• Speaking of the Country Music Hall of Fame and Museum; country music legend Ray Price will visit the Museum on Saturday, March 7, to share memories of his close friend and mentor, Hank Williams. The intimate interview, which is presented in conjunction with the Museum’s exhibition Family Tradition: The Williams Family Legacy, will begin at 1:30 p.m. also in the Museum’s Ford Theater.
  • The 9413 celebrates the greatness that was Lecil Travis “Boxcar Willie” Martin as part of their excellent and enlightening  Forgotten Artists series.
  • HearYa – Indie Music Blog posts that San Francisco roots trio The Devil Makes Three will release Do Right Wrong on May 5th via Milan Records.

The Devil Makes Three – Old Number 7


David Allan Coe and Shooter Jennings in Harp Magazine

A great conversation by a couple of bonafide country music outlaws reminiscing about the good old days. From the piece:

JENNINGS: Nashville’s never going to change. They’re always going to be the same. They play by the rules. And it’s all still a pop thing. Nashville controlled it in the ’60s, ’70s, ’80s and ’90s. It was just the reckless people that did it their own way that broke out [into the mainstream].

COE: The greatest example of that is Charlie Rich. Charlie Rich was just coming off of Behind Closed Doors, which was the biggest fuckin’ record. And if you went up by Sony Records, they would tell you-you couldn’t walk in a building, you know. Because Charlie was in the building, they had the doors locked. Security had to check you out first before you could get in the building. Then they had the awards show. And he was supposed to read the winner of male vocalist of the year. And he just opened the envelope and read it and took his fuckin’ lighter out and set it on fire.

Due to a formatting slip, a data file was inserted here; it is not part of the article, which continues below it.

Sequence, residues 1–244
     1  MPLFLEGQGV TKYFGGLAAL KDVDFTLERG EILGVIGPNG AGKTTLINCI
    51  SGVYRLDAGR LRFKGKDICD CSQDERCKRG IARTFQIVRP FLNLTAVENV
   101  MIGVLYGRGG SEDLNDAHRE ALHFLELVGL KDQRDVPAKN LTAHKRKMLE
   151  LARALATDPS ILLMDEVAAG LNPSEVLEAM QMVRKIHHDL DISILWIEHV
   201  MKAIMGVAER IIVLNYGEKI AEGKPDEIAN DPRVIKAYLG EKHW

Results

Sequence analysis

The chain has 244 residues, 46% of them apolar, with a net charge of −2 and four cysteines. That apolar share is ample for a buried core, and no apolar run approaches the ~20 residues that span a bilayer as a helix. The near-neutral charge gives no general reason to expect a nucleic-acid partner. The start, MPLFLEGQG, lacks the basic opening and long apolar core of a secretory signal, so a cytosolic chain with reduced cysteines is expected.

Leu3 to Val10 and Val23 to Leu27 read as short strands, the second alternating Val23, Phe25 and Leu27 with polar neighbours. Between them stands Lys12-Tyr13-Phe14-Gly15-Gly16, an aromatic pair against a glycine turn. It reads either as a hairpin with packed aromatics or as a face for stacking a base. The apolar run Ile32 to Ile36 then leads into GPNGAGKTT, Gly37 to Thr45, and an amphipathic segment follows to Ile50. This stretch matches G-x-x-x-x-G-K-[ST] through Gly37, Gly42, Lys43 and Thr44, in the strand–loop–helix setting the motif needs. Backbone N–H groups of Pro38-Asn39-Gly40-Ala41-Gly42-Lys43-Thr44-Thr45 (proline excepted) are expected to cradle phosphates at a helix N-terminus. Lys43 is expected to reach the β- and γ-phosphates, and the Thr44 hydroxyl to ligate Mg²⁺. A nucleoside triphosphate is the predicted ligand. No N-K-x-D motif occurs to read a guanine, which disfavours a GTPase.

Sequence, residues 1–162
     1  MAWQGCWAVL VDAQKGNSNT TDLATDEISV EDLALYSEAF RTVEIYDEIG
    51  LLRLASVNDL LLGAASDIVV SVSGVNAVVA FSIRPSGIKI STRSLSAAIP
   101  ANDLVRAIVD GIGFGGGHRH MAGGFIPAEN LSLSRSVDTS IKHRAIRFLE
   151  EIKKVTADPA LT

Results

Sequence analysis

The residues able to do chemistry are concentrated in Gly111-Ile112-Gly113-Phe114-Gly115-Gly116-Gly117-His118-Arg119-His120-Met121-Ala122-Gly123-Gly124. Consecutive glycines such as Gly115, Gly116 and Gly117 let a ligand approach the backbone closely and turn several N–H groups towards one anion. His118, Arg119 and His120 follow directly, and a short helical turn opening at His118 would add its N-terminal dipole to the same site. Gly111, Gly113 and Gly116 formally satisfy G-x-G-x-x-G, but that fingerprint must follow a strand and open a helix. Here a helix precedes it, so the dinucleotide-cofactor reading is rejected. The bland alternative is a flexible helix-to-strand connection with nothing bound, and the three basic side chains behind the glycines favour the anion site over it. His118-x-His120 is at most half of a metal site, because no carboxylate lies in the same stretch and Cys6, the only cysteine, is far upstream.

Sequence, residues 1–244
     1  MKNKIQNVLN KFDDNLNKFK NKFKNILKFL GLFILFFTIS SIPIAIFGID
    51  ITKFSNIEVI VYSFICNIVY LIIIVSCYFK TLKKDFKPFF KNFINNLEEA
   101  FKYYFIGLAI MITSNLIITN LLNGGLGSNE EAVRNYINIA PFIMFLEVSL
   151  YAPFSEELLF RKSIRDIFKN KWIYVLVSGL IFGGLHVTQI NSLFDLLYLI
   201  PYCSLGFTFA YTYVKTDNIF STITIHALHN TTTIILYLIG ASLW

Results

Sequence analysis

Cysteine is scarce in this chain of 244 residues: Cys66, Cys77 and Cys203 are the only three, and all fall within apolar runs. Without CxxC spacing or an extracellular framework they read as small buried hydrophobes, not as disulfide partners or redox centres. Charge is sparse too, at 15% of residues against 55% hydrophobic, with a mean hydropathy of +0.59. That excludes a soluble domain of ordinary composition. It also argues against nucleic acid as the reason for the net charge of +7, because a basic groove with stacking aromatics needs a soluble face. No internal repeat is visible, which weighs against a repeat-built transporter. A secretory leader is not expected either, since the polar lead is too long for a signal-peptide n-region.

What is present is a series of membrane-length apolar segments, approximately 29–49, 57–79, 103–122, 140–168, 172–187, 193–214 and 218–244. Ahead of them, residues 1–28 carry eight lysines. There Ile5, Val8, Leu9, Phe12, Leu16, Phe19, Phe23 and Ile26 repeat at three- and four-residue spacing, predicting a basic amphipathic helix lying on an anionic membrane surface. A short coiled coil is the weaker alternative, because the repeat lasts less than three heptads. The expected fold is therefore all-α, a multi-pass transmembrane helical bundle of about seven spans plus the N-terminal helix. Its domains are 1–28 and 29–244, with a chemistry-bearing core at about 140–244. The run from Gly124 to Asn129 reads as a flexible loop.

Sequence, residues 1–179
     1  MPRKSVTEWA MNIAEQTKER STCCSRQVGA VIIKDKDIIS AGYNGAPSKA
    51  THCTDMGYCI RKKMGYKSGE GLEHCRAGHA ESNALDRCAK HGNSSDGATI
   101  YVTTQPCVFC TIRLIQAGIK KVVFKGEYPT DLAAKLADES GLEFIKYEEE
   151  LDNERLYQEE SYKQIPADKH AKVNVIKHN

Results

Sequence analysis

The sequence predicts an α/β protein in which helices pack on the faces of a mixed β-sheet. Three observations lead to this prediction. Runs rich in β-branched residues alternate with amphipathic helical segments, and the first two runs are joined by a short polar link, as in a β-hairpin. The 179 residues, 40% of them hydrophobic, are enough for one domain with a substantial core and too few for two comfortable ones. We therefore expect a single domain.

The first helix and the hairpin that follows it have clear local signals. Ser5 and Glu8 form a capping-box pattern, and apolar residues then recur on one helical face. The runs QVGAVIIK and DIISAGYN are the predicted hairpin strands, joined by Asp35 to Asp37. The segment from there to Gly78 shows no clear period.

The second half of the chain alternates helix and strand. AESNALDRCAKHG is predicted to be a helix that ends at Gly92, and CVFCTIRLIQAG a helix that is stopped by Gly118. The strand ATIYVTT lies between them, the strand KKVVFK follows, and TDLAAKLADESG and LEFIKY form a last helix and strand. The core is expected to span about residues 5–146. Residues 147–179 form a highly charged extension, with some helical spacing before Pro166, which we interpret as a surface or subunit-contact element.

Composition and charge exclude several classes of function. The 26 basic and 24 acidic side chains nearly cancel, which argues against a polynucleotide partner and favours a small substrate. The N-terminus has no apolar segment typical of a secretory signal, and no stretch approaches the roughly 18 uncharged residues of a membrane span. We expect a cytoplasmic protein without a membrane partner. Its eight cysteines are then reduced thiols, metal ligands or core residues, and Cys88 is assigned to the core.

JENNINGS: When John Denver won.

COE: Yeah. He refused to announce this guy as male vocalist of the year. And I thought it was the greatest fuckin’ thing I ever saw in my life. And you know what? You never heard Charlie Rich’s name again ever. That’s how powerful that town is. I just think music should be good or bad, period.